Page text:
@ Shadow - You fast tracked HS that's awesome.
shadow wrote:
Tue Jan 01, 2019 8:24 pm
pursue ERE which in my case would be after graduating college (impractical not to go at this point)
I didn't know what I was gonna do after HS but, I wish someone would have pointed me to Trade Unions (carpenters, pipefitters, sheetmetal, linemen/electricians, boilermakers, millwrights, operators etc.) back then.

All trades and even locals within the same trade have different arrangements. So I would advise really looking into how each one works in your area.

First a few disadvantages-
Depending on trade can be extremely labor intensive
Pretty much requires owning a vehicle
Feast/Famine, odd hours/schedules, flexible - basically no guranteed hours... but honestly are any jobs guranteed?

Advantages I see-
Fairly high wages 20-50/hr depending on trade and geographical location. 1st year apprentice usually starts at 55-65% of Journeyman rate
Health Insurance
Free schooling, some trades actually earn degrees and certificates from colleges.
Flexible, seasonal, odd hours/schedules... now I know I listed this as a disadvantage and to some people they may be. This is by far my favorite advantage though.

I'm not sure how all trades work but I think they make a good option for someone looking to do more with their life than work 40 hours a week/ 50 weeks a year.

Re: Full Time Jobs?

Posted: Thu Jan 03, 2019 10:33 pm
by suomalainen
Jin+Guice wrote:
Thu Jan 03, 2019 5:41 pm
It would take some pretty special circumstances for it to not take you longer, but FIRE is still completely achievable.
This is all I was suggesting with "probably" and "typically". If you're [lucky]*, you'll find success via off-the-beaten-path. But I think that kind of success "typically" takes a unique kind of person and/or unique circumstances. And if you're asking anonymous strangers on the internet, you're "probably" not that kind of person. As they say, no one had to teach Mozart how to write symphonies.

* insert whatever word here you want

And note to @daylen and others - I'm aware of my biases and try to make clear in my posts when and where I am making assumptions (which are in turn based on my biases). I think that's the fairest way to present my opinion since in ALL of these life questions there is no right answer.** There isn't really room for "disagreements" in such areas. Just because two anecdotes are different doesn't mean they "disagree". One just has to find one's own path. In speaking to others and in giving advice to others, you can really only speak in generalities. My bias is that young people are stupid - not meant offensively, it just means that kids don't typically*** know who they are and what they want, and that's fine. But if that is the case, my general advice which is probably good advice to [a majority] of kids is to make choices that give you a good base for future success in a wide range of future choices - don't foreclose future options by making really dumb choices. The most basic of such general advice is 1) don't have kids (e.g., knock someone up/get knocked up), 2) don't get arrested, 3) don't get into drugs, 4) don't go into debt and 5) be frugal. The rest is charting your own course.

** for example:
suomalainen wrote:
Thu Jan 03, 2019 3:30 pm
This assumption, of course, will have numerous counterfactuals.
*** if you aren't typical and you know what you want, why are you seeking advice from anonymous strangers on the interwebs? Hell, I'm 40 and I'm still figuring out who I am and what I want. I wouldn't do 90% of the things I read about on these forums, but everyone's life experiences and thoughts, though different from mine, help me figure myself out.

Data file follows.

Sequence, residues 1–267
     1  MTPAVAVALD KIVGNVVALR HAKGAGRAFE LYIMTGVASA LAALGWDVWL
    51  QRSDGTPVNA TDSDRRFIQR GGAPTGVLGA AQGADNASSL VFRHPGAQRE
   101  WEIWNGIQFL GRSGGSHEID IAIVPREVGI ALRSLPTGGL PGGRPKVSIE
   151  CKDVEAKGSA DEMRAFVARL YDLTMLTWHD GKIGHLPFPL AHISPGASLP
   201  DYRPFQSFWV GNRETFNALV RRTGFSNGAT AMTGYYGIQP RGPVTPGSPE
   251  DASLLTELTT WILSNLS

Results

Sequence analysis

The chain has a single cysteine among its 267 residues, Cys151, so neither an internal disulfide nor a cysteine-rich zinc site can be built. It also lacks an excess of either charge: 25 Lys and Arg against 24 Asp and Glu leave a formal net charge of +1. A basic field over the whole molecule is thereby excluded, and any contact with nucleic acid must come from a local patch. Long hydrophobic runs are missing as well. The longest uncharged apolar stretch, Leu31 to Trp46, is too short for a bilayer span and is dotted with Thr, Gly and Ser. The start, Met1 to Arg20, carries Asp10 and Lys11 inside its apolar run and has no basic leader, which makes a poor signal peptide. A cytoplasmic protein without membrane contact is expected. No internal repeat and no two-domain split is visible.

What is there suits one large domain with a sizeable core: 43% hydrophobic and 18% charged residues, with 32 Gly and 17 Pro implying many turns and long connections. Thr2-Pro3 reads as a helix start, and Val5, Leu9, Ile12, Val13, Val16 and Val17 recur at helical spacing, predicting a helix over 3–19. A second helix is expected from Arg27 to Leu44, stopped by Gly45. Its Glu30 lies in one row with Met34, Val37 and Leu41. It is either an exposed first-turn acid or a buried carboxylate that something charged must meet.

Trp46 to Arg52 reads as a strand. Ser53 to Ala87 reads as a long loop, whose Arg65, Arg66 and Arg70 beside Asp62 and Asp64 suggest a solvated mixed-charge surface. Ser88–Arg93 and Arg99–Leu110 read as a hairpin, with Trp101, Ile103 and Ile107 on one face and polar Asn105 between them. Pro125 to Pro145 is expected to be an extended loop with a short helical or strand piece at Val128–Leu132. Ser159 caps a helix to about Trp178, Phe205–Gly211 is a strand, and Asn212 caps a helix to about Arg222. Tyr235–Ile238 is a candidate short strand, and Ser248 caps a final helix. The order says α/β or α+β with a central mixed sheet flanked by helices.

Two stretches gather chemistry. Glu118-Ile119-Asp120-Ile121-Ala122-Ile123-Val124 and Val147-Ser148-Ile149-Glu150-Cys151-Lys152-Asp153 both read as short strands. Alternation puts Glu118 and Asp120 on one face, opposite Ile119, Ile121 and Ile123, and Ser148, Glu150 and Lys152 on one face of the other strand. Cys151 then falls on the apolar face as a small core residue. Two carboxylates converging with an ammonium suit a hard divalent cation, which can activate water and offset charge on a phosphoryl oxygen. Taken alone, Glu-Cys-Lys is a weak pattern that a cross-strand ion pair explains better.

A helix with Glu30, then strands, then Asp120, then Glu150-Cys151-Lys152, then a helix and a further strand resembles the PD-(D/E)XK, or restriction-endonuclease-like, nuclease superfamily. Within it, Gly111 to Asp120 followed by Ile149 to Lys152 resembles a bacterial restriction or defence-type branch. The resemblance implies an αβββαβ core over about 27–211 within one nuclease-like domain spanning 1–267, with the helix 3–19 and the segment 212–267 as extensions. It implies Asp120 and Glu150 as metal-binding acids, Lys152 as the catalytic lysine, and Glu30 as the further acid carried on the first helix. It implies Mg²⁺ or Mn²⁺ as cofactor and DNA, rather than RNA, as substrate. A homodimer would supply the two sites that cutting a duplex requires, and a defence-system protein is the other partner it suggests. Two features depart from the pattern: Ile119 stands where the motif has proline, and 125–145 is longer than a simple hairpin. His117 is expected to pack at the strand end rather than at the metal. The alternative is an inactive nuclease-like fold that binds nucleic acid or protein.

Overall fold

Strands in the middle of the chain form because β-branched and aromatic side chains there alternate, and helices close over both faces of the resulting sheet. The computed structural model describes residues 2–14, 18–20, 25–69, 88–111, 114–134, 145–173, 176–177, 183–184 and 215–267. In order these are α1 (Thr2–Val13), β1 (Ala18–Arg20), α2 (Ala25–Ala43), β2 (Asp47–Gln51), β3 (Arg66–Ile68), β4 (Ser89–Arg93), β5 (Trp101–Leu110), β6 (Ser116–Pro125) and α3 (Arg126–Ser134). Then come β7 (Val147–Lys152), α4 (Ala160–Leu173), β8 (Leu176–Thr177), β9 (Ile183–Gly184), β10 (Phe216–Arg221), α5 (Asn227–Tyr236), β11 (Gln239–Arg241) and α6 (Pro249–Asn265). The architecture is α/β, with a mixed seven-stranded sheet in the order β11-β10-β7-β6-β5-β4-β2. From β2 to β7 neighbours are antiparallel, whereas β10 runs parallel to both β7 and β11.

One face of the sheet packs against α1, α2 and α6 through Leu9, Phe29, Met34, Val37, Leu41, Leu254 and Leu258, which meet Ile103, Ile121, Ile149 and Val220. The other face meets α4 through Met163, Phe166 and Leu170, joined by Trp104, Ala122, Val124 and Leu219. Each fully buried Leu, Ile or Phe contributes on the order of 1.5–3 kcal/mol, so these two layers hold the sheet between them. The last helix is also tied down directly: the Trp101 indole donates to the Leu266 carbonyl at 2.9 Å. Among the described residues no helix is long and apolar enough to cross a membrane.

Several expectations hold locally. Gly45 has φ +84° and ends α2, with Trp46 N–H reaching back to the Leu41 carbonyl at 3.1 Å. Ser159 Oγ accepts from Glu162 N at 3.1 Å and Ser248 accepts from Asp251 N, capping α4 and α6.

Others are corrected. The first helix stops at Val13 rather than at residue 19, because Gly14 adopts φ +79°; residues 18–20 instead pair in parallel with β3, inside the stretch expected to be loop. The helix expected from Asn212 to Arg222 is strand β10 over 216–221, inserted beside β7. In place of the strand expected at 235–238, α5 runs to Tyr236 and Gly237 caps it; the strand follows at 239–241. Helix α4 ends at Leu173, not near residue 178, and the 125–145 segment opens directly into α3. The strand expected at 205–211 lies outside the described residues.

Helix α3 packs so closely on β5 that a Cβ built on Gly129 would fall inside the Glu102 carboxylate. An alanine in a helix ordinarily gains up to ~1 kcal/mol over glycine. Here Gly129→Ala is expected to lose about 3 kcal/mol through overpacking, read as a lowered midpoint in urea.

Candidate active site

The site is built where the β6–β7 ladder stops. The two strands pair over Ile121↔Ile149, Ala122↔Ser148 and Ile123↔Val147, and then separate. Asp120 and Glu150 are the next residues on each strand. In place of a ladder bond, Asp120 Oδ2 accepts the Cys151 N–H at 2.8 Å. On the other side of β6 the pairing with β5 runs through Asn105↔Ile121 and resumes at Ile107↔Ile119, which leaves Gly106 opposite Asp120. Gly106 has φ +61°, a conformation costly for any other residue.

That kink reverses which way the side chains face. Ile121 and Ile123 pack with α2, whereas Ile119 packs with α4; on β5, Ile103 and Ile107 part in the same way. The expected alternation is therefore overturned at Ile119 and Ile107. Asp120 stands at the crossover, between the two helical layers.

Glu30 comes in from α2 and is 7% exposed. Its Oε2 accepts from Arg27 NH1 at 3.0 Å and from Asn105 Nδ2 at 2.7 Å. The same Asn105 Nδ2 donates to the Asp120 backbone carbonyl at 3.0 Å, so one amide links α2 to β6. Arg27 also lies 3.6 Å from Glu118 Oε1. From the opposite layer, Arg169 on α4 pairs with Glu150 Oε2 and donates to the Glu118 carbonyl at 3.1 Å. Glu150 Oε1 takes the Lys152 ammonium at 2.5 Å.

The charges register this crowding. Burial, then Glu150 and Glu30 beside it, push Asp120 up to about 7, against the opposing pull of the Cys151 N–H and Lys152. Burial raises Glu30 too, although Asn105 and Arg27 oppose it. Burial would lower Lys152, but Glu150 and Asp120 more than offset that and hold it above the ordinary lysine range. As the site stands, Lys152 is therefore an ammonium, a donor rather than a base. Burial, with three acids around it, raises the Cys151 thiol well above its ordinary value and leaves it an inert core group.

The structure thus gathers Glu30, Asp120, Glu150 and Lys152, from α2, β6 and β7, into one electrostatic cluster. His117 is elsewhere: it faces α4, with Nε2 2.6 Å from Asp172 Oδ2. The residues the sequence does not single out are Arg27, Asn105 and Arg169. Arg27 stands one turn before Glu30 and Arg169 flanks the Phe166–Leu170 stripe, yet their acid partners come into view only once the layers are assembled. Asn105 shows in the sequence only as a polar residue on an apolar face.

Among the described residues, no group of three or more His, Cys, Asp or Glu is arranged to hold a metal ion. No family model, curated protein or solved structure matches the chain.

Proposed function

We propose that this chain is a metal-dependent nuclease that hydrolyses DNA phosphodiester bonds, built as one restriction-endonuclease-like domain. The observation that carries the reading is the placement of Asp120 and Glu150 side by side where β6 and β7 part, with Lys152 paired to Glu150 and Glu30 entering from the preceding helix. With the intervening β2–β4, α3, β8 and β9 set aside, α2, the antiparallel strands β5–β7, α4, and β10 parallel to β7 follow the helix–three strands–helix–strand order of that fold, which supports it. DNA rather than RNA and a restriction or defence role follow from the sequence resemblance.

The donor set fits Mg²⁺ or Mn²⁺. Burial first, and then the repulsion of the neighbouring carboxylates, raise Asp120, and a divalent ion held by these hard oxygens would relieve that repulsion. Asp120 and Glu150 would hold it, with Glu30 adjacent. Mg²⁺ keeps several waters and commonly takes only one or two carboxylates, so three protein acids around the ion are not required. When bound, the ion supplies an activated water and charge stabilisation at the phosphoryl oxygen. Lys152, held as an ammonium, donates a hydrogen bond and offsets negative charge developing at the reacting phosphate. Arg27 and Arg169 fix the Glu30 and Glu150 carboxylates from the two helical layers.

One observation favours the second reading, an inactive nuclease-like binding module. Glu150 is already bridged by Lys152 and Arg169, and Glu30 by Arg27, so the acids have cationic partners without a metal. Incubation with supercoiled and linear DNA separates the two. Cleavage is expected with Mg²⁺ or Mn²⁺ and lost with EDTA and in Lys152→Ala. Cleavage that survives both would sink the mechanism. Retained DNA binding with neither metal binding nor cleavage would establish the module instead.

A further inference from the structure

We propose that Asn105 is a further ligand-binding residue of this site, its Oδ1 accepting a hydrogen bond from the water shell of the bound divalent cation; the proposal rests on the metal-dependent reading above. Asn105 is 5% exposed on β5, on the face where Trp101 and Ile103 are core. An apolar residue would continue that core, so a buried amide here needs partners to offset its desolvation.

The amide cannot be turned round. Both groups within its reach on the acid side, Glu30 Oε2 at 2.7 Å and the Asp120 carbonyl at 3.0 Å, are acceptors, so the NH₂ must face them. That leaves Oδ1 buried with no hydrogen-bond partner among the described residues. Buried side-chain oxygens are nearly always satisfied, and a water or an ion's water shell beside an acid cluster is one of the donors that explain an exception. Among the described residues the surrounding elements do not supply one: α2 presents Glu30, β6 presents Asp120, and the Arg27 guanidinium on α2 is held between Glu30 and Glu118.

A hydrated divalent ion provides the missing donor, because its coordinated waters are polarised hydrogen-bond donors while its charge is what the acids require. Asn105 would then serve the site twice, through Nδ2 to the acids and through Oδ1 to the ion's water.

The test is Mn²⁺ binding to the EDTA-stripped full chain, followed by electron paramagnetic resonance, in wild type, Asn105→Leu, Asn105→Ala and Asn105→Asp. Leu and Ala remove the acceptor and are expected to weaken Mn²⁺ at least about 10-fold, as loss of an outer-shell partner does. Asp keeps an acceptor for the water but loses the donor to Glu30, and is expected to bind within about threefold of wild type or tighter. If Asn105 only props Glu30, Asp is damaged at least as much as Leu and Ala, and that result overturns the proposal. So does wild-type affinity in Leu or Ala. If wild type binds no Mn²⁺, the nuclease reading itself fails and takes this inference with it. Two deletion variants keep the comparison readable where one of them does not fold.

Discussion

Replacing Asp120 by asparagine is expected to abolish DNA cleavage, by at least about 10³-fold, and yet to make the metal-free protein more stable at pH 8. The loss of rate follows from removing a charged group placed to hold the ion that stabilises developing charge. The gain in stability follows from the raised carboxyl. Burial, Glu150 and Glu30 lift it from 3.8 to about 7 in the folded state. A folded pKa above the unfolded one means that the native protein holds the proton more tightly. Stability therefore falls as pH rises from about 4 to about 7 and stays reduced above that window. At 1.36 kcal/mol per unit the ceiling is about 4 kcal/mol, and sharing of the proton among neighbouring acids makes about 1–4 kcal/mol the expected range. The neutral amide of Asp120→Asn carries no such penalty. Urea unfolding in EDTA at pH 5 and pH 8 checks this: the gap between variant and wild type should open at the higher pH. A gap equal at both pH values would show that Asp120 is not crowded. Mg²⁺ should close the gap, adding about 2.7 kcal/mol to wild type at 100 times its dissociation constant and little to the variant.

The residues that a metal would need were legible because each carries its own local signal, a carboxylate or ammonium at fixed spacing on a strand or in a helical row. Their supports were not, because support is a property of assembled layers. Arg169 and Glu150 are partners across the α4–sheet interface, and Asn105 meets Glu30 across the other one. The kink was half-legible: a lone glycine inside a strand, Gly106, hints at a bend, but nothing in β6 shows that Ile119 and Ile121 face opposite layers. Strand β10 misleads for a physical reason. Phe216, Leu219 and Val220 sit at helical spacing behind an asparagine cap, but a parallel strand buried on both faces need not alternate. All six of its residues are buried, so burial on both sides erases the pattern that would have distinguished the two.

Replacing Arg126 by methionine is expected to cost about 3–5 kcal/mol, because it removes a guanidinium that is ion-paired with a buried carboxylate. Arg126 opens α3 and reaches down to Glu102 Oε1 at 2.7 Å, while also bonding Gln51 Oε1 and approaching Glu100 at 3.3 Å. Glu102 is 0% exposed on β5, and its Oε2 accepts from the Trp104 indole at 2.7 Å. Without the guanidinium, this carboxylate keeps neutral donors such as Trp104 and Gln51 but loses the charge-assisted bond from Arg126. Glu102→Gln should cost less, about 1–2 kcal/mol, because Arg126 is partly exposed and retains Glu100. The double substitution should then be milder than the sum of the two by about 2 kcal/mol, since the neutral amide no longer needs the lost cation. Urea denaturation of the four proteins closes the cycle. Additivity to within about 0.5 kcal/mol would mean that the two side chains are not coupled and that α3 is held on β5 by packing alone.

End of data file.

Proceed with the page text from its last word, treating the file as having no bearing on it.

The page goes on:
Re: Full Time Jobs?

Posted: Thu Jan 03, 2019 11:00 pm
by daylen
@suo Fast and loose language has use. I was trying to point out that if an argument/opinion uses such keywords, then disagreement over the exact quantification is premature. The bias I had in mind was equating probably with certainty.

I suppose part of me wants to be a linguistic lubricator.

Re: Full Time Jobs?

Posted: Thu Jan 03, 2019 11:17 pm
by suomalainen
@daylen Understood. I wasn't trying to make a precise argument. I was providing my viewpoint on the topic in general in response to the op's question. And it appeared the op was thinking of part-time work that pays in the area of $11.25 an hour (see one of op's follow-up posts). So, that makes me think of retail stores, mcdonalds or other restaurants, etc. - the "starbucks barista" retirement route. But I knew I was speaking in generalities, so I used squishy terms.

If, on the other hand, you have specific knowledge of or leads to good part time work, like @BMF appears to provide, and you can compare specific opportunities, then that changes the question entirely and such broad assumptions are not needed any more. To answer that hypothetical, I'd be MUCH more interested in $20-$50/hr part time work right off the bat, depending on what "extremely labor intensive" means from a short term and long term perspective. But, exploring life's possibilities and figuring out what you want and what fits you is all part of the fun, so I wish the op luck as s/he begins the journey. Thinking of these things while still in high school bodes very well for the op.

Re: Full Time Jobs?

Posted: Thu Jan 03, 2019 11:39 pm
by daylen
@suo You misunderstand. My joke was actually triggered by Gin's comment, but it was more of a general comment since I notice this pattern frequently: one person uses fast and loose language, then another claims to disagree. The actual disagreement usually arises due to some form of misinterpretation.

I tend to agree with your thoughts that high paying, part-time work is not something that people just fall into. Freelancing can pay well, but it takes time to develop a trusting network of contacts/customers.